And I would have known that if I had just done my homework. That was my first and biggest mistake.
1. Don’t ignore the documentation
If you have an old PC or Mac and you’re thinking about installing ChromeOS Flex on it, don’t do anything until you check Google’s official list of ChromeOS Flex Certified models.
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The list is organized by manufacturer and model number and is easy to navigate. Devices that have been tested and proven to work without issues get a green check mark. Each model also gets an End of Support date worth checking. It doesn’t make much sense to replace Windows 10 with the release of ChromeOS Flex which is also scheduled to end support in 2025 or earlier. According to Google, “After the Certified until the expiration date, some devices may still continue to receive updates. However, updates may have issues, and are not guaranteed.”
There is a fairly long list of features not supported by ChromeOS Flex, including CD/DVD drives, fingerprint readers and face recognition cameras, stylus and active pen input, and Thunderbolt functionality. For a complete list of features guaranteed to work, see this page: “About ChromeOS Flex certified models.”
There’s a full page on known issues, too. Under the “Unsupported hardware” section, it points out that “Mac devices with Touch Bar, T2 security chip, or M1 processor are not supported and may have major bugs even if they work.” In fact, any Mac or Windows PC with an Arm-based processor is out of luck.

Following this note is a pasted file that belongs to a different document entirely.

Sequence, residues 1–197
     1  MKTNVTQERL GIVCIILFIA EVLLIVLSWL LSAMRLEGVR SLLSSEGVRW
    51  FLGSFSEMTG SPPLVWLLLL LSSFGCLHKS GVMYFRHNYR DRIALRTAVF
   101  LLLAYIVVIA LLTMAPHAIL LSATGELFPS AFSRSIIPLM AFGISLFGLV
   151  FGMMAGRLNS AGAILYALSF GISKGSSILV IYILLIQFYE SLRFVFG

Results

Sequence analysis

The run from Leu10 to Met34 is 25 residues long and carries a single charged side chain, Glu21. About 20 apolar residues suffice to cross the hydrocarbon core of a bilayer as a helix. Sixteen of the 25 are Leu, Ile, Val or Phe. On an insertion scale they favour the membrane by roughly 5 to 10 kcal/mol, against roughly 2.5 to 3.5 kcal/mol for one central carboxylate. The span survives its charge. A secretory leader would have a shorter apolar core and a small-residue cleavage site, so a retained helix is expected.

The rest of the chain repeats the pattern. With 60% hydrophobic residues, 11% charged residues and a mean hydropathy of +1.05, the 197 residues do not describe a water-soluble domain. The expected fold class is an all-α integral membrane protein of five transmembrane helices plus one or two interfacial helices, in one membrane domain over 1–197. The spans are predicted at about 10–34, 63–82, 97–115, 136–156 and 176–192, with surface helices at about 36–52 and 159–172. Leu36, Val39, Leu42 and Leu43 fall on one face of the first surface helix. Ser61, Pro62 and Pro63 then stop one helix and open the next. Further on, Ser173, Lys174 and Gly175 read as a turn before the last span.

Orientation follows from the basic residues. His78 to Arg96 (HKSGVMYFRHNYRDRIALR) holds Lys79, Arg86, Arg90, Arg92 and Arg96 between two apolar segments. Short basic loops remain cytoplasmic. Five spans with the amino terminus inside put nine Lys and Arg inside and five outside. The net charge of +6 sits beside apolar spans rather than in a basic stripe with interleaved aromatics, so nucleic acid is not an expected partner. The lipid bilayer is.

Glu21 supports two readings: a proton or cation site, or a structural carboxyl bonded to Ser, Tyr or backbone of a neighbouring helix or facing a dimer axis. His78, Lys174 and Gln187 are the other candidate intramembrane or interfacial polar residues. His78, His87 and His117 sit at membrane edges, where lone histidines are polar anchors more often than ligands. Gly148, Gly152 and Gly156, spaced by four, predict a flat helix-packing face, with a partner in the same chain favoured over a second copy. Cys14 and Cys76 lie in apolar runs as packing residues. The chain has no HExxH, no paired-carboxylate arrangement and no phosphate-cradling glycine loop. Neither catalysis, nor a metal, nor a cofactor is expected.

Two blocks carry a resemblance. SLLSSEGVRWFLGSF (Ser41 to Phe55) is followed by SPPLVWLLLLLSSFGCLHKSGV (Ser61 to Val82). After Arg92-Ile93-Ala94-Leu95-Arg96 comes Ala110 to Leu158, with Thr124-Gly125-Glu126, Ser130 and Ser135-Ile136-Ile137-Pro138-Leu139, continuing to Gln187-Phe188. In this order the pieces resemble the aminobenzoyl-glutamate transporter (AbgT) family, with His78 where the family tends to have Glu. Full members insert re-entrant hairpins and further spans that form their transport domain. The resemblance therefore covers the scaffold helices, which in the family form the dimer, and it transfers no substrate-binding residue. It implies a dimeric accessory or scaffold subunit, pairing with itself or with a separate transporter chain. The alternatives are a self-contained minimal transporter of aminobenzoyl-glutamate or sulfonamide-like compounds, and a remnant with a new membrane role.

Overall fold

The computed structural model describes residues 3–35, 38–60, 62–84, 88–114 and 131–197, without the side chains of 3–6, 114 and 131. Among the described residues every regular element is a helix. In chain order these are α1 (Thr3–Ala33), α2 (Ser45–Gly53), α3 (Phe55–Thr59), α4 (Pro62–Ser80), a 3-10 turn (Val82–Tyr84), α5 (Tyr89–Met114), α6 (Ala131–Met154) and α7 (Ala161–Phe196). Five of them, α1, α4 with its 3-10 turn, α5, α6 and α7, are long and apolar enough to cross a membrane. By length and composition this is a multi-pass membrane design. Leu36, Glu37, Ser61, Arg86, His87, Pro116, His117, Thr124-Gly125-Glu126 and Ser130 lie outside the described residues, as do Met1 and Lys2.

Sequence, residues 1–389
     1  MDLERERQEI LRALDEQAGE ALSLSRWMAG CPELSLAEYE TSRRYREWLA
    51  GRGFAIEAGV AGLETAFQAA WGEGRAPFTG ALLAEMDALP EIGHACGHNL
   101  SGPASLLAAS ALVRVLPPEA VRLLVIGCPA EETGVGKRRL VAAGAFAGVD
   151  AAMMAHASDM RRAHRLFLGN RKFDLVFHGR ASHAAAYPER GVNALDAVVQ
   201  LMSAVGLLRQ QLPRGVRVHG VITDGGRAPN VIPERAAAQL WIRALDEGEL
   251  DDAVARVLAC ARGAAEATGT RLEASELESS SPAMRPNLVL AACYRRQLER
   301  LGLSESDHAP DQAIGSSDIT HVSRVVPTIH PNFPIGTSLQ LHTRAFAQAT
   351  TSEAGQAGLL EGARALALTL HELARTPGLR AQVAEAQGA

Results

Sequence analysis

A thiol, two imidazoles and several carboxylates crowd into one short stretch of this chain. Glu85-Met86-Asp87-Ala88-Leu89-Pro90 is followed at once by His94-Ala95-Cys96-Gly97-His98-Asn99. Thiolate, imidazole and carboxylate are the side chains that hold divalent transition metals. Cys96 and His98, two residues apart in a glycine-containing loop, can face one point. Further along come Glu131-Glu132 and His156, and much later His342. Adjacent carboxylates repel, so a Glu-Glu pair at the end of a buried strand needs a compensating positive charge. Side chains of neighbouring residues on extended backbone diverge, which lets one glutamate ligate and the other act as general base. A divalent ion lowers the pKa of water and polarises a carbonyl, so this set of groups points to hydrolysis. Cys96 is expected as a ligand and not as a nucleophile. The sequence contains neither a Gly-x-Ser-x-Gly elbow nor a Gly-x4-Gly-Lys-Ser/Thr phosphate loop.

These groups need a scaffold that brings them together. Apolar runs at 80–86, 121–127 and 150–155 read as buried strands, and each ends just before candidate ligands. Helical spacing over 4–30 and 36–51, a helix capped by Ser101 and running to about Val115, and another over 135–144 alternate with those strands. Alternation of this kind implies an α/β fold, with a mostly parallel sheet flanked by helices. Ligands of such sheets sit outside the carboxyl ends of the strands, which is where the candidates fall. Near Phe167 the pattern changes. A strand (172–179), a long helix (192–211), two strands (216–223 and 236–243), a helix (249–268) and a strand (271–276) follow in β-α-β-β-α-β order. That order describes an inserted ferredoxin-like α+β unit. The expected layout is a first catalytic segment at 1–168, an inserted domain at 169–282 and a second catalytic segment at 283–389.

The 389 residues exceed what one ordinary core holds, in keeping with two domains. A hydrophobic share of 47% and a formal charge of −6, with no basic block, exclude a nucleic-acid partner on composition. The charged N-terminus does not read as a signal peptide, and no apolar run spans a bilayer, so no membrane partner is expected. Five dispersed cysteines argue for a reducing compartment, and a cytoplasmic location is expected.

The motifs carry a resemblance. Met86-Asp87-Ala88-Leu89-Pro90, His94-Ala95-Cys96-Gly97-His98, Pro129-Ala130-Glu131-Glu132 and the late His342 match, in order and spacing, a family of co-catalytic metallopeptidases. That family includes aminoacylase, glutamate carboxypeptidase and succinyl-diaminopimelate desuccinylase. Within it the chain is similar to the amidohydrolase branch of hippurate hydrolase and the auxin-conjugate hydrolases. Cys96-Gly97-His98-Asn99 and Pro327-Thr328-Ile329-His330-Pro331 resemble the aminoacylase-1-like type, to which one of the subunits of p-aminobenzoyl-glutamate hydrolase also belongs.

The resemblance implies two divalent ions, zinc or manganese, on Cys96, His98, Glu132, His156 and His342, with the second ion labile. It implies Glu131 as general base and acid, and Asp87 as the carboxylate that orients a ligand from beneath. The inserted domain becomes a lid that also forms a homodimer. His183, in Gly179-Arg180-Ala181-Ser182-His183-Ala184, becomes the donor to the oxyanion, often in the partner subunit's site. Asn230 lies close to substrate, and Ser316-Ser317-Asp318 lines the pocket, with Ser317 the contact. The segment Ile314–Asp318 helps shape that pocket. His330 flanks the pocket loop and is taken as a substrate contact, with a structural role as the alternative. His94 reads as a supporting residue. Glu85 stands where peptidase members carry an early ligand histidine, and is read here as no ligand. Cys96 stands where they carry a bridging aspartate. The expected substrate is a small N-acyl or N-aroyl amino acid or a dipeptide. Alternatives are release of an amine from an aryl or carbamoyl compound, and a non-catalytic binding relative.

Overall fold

And this paragraph stops me cold:
Unless listed as a certified model, Microsoft Surface products are not supported and may have issues with keyboards, touchpads, touchscreens, and webcams.
Only two Surface models are Certified to work with ChromeOS Flex: The Surface Laptop SE, an ultra-cheap 2022 model aimed at the education market, and the 10-year-old Surface Pro 3.
Some things you need to know
After spending a few days repeatedly installing ChromeOS Flex, wiping the system, restoring Windows, and then reinstalling ChromeOS Flex, I have a few more lessons to learn. forward:
2. Use Google Chrome to run the installer
To create a bootable USB installer for ChromeOS Flex, you need to install the Chromebook Recovery Utility extension from the Chrome web store. Even if this extension is installed and appears to be available in a Chrome-compatible browser such as Microsoft Edge, it will not work. Use Google Chrome.
Ignore the list of specific manufacturers and models. For the manufacturer, select Google ChromeOS Flexand for the product, select ChromeOS Flex.
3. Disconnect everything before you install
If you have an SD or Micro SD card inserted, remove it. Also remove any unnecessary USB devices. I had a lot of confusing errors until I realized that a Micro SD card was stuck in a hidden slot. In fact, only your system drive is available for the ChromeOS Flex installer.
4. Find out how your hardware’s boot settings work
Each PC has its own way of forcing the device to boot from removable media. On a PC running Windows 10/11, I found the simplest way to boot from the ChromeOS Flex USB installer is as follows:
- Go to Settings > system > Recovery > Advanced Getting Started.
- selection Restart now.
- In the Windows Recovery Environment menu, select Use a device.
- Select the Linpus a little option.
If you want to kick the tires, you can run ChromeOS Flex from a USB drive. But for a real test, choose the option to install ChromeOS Flex, which will wipe your current drive and all the data on it.
5. Have a backup plan in case things go wrong
Changing your operating system will erase everything on the system drive, so make sure you backup your data files before starting. I created a Windows recovery drive and a system image on my Windows PC before trying any of this. As a result, I was able to return my system to the previous state after running my experiment. If you decide ChromeOS Flex isn’t for you, your other option is to simply install your current version of Windows.